• The humidity of the home you live in to minimum 45percent.
  • Make humidifier trays and Place pebbles in trays filled with liquid, making certain that the water doesn’t completely cover the pebbles. Place plant pots over the pebbles, and the plant will be able to enjoy the local humidity, without getting roots that are soaked with water. Make sure to keep the trays filled with water!
  • Improve the local humidity by having many plants within the area and keeping them in close proximity.

Avocado Plant Leaves Curling After Repotting

Sometimes, repotting a plant can go wrong. Perhaps you dropped the plant or accidentally smashed off a few of the roots or perhaps you chose the incorrect medium for potting.

If you notice your leaves on the avocado plant are curled after repottering, consider the way the plant was repotted.

If the plant suffered an injury like losing roots, this can be seen as falling leaves.

The positive side is that, unless the shock was severe the plant is likely to be able to recover if it is treated with care.

If your plant didn’t get an injury during repotting, consider the pot and the potting media you’ve employed.

If the pot is too heavy or wet, or compacted, it may be causing your plant to have problems. If the pot is too large, it can promote root decay.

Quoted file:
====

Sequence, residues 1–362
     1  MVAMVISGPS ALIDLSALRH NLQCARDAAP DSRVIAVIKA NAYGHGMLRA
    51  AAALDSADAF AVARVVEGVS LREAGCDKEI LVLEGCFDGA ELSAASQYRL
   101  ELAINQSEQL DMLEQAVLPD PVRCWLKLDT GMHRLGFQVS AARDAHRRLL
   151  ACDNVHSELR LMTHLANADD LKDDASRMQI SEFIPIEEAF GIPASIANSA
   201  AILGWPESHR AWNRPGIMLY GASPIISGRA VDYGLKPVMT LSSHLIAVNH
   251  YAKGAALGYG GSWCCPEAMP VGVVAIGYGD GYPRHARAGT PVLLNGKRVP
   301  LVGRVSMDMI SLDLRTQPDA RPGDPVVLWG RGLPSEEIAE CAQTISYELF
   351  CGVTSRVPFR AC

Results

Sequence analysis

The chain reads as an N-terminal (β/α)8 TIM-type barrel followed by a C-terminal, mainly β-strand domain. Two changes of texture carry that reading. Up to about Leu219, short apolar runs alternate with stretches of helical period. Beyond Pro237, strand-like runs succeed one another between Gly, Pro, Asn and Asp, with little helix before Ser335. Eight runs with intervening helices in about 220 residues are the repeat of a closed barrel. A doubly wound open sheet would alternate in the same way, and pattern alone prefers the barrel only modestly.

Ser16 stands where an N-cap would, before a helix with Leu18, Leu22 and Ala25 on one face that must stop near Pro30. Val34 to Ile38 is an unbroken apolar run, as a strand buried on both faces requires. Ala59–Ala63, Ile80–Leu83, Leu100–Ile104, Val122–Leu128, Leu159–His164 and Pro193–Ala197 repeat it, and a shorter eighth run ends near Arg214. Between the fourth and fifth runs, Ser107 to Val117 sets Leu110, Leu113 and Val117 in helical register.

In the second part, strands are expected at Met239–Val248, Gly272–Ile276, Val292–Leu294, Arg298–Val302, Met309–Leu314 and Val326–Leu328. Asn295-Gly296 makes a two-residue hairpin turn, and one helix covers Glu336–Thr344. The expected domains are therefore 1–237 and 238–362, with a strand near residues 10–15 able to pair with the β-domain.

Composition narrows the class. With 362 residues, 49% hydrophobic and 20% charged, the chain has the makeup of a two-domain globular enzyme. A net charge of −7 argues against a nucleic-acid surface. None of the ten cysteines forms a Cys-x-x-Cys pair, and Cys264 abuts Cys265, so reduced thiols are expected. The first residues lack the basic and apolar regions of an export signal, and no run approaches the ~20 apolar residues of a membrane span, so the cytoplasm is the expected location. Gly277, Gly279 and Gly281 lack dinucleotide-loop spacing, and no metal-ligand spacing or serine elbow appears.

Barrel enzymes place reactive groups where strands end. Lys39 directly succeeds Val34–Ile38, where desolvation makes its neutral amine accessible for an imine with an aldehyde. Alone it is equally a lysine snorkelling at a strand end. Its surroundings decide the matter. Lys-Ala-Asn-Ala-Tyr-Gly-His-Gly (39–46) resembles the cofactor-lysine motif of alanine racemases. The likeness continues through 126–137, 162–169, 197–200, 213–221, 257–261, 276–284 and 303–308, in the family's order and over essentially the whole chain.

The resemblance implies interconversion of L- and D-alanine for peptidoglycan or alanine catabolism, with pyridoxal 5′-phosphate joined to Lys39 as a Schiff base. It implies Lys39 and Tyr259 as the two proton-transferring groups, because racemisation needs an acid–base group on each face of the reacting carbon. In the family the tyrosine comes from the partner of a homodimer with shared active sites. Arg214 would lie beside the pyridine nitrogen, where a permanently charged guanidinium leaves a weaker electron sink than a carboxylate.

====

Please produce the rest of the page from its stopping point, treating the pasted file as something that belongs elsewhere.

• Be cautious when you are repotting avocado plants! While they’re not the most delicate plants, their roots are fragile and easily damaged.
  • Be sure to select the right potting medium
  • The pot’s size should be increased slowly – just a few inches at a time is enough.

How To Prevent Avocado Leaves Curling?

  • Check to see if your plant is receiving the proper amount of water.
  • Feed your plant throughout the season of growth.
  • Place your plant in a location that has a steady temperature.
  • Make sure your plant receives plenty of indirect, bright sunlight.
  • Be on the lookout for invaders and illnesses.
  • Increase the humidity in your home.
  • Take care when you are repotting.
  • Choose a suitable pot and potting medium.

Key Takeaways

  • Avocado leaves can curly due to a deficiency of water or excessive water. If the soil is at least 1-2 inches dry, you should water it.Avocado leaves will curl when temperatures drop abruptly and then a scorching sun. If it’s cold outside do not bring the plant outdoors.
  • Curling leaves can be caused by various pests and illnesses. Apply a fungicide or horticultural oil on the avocado when required.
  • If there’s not enough light the avocado leaves will turn dull and curly. Be sure to have enough sunlight.
  • When the avocado plant gets moved to another location, the root structure could be damaged, causing the leaves to curled. Transfer the avocado gently and then keep it in the shade for some time.


Went from a bad gardener to a half-decent one over 10+ years. Super happy to share my tips and tricks with you :)